Culture Minister Nelson McCausland has backed Londonderry to become 2013 UK City of Culture.
Northern Ireland's first and deputy first ministers Peter Robinson and Martin McGuinness supported the bid on Tuesday. Taoiseach Brian Cowen has also endorsed it.
Mr McCausland said: "The UK City of Culture competition presents Londonderry with an excellent opportunity to showcase its creative and artistic talent to a national and international audience.
"The bidding process has brought together many different organisations and individuals and this collaboration can only have a positive effect, not only in Londonderry but throughout Northern Ireland as we work towards a shared and better future."
Derry projects funded by his department include the Playhouse Theatre, Waterside Theatre and An Gaelaras Irish language centre. These now provide first-class facilities for hosting events and performances.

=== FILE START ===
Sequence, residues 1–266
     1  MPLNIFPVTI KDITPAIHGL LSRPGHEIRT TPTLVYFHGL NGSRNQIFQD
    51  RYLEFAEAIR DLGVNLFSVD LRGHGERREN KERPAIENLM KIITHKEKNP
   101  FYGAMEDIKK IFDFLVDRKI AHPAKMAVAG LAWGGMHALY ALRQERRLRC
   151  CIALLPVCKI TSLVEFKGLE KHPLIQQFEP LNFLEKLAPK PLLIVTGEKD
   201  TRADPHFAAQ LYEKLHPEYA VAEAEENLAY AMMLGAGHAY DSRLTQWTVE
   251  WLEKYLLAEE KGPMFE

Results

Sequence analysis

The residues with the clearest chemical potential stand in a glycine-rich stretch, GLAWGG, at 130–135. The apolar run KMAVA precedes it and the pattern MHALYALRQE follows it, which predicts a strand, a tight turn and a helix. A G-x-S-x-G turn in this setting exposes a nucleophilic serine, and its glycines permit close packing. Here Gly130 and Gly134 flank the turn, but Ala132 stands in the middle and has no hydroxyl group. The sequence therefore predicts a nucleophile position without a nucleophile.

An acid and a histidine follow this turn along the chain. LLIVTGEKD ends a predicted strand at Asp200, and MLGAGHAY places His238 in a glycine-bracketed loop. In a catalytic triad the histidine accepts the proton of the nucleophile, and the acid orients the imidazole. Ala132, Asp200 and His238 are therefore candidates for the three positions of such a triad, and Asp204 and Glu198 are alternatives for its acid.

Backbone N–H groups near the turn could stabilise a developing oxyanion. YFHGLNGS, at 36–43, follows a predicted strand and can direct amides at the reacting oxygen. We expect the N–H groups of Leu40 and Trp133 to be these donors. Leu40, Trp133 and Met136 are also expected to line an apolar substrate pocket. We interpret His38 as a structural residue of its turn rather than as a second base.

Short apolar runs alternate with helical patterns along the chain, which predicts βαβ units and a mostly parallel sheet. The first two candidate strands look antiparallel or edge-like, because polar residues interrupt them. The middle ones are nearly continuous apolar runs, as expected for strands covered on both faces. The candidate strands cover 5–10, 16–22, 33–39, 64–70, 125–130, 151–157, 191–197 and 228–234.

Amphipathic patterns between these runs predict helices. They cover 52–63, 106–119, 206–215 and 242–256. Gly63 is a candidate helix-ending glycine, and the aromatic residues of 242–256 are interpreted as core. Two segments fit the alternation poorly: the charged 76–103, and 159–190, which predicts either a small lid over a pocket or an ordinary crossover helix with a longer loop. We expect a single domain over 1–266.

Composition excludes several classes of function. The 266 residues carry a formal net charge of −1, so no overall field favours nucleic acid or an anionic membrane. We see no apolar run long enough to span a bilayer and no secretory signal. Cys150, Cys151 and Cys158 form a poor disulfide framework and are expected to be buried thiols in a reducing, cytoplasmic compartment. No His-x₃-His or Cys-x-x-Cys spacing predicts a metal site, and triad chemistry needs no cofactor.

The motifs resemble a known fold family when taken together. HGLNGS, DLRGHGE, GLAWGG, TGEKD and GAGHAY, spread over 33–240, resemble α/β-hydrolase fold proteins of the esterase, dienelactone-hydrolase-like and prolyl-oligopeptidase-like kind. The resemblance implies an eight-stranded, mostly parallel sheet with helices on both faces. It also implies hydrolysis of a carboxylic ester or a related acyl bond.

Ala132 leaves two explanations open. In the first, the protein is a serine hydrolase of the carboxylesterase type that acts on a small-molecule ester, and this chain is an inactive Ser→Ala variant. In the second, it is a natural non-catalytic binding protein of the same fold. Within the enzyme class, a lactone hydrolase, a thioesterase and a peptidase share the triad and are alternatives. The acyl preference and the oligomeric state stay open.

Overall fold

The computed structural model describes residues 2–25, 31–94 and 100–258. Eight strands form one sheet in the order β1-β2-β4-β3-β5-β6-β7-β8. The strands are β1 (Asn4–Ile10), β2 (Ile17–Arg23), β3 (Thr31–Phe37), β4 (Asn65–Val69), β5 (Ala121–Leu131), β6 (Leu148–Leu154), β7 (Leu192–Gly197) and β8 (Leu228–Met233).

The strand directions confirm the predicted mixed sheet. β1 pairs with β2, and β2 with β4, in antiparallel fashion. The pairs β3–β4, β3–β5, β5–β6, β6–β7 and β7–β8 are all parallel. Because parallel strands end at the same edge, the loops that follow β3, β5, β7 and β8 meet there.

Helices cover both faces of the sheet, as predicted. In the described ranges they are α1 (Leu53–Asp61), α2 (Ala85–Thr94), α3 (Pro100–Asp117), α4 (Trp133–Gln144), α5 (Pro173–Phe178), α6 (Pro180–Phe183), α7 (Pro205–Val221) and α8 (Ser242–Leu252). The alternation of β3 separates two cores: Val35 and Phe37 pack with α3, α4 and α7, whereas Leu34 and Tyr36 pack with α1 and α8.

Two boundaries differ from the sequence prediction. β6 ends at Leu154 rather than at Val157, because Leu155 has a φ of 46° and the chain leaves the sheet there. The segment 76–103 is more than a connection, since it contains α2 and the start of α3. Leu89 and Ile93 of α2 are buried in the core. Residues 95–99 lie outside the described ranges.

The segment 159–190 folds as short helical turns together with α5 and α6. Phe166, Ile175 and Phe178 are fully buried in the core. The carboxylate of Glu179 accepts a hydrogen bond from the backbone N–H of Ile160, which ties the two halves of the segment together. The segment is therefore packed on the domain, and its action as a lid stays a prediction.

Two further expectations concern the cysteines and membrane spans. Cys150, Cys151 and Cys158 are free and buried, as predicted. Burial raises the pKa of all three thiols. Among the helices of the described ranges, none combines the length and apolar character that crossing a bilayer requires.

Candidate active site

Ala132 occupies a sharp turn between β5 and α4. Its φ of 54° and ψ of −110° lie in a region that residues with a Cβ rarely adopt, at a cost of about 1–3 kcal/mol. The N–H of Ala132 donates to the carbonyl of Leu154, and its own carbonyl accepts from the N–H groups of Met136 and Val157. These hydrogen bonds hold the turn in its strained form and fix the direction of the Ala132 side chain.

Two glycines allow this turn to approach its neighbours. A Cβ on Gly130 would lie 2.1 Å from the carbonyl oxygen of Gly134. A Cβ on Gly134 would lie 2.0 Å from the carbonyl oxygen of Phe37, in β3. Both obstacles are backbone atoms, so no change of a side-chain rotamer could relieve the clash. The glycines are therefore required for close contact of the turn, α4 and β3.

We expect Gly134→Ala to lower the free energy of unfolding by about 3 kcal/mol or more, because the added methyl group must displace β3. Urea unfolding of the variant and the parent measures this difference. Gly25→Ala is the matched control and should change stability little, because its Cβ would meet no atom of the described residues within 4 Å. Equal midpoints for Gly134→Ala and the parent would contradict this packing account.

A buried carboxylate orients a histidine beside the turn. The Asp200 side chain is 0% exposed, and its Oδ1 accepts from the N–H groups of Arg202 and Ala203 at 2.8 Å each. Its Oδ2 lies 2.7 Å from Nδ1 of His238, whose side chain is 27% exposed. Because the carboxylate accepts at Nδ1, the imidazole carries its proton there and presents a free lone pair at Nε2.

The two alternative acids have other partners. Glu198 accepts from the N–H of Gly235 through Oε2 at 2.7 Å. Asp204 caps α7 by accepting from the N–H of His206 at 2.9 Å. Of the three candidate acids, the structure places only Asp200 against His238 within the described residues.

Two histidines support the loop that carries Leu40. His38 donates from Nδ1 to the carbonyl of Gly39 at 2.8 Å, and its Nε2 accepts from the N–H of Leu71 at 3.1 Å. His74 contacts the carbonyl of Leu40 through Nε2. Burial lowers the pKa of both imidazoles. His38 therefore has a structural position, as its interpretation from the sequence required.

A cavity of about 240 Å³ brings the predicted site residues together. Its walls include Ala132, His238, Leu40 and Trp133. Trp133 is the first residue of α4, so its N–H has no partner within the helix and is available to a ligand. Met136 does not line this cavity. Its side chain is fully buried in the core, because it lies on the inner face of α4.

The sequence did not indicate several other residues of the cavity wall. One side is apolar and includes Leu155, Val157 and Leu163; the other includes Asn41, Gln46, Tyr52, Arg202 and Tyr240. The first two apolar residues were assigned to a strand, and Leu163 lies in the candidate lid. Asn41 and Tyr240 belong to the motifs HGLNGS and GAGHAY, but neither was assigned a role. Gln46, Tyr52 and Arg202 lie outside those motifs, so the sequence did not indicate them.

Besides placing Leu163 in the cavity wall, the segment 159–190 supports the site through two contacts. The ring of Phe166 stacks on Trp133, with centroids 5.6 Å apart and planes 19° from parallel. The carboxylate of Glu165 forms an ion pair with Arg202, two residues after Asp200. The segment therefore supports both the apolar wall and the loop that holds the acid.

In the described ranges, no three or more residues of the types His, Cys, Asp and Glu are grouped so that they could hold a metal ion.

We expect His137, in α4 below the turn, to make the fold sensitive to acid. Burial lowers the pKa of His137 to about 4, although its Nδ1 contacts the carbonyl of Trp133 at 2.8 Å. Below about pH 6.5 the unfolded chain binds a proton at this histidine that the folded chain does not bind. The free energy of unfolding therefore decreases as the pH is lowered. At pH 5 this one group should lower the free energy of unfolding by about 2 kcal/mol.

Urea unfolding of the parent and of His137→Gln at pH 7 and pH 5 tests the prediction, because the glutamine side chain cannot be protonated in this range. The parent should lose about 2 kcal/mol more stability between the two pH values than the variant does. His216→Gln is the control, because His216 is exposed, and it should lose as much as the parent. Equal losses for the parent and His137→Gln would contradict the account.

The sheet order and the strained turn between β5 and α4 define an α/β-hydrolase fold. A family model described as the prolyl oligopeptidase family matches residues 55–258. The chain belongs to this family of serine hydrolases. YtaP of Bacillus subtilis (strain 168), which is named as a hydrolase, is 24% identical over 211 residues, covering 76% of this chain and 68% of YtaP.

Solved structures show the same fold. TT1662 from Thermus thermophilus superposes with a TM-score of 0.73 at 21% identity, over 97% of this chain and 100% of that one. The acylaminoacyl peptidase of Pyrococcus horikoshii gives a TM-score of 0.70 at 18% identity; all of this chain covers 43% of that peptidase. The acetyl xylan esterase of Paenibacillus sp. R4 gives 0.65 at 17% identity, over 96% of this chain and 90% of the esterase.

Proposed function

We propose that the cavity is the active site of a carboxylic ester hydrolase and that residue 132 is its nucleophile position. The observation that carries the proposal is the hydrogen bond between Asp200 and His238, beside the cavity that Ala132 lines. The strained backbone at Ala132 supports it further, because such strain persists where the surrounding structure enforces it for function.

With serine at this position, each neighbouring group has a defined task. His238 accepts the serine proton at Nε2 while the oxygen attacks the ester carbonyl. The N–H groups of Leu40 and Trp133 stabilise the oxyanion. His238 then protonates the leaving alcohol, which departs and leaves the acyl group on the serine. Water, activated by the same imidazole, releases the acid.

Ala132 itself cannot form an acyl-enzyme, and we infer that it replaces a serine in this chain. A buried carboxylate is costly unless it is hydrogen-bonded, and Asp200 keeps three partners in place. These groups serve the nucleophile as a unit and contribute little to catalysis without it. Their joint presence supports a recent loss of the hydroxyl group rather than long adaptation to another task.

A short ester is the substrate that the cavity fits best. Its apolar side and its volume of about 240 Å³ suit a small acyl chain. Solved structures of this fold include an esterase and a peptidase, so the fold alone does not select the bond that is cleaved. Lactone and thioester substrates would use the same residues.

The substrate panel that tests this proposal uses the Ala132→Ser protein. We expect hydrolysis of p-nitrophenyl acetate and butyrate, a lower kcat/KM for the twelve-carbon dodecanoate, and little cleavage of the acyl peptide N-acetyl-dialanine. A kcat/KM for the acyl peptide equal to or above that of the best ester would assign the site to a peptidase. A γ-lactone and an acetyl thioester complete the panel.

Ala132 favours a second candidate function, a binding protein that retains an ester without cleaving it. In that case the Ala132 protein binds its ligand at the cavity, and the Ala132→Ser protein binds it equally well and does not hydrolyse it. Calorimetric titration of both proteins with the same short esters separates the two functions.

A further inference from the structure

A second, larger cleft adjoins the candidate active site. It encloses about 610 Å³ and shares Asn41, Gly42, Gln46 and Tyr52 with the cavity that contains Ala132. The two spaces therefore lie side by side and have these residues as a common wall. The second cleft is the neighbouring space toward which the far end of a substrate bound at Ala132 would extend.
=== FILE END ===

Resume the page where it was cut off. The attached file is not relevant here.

The minister added: "This investment by the Northern Ireland executive will significantly enhance Londonderry's cultural offering, enabling Northern Ireland as a whole to benefit from the increased profile and interest in cultural events which the UK City of Culture initiative should provide."
Leaning heavily on its emergence from violence to become a regional centre for the arts, it is predicted Derry could enjoy a multimillion-pound windfall if successful.
It is one of four cities bidding for the title. The others are Birmingham, Norwich and Sheffield.
The year 2013 will mark the 400th anniversary of the Plantation of Ulster by settlers from Great Britain and the building in 1613 of the Walled City of Derry.
But bid organisers are looking to the future with an explosion of theatres and performing spaces, including the Millennium Forum and Nerve Centre for youth culture. The schedule for 2013 would include a wide range of events from Punk Idol - aimed at finding a successor for famous rockers the Undertones - to a celebration of Polish independence day in recognition of the large minority community.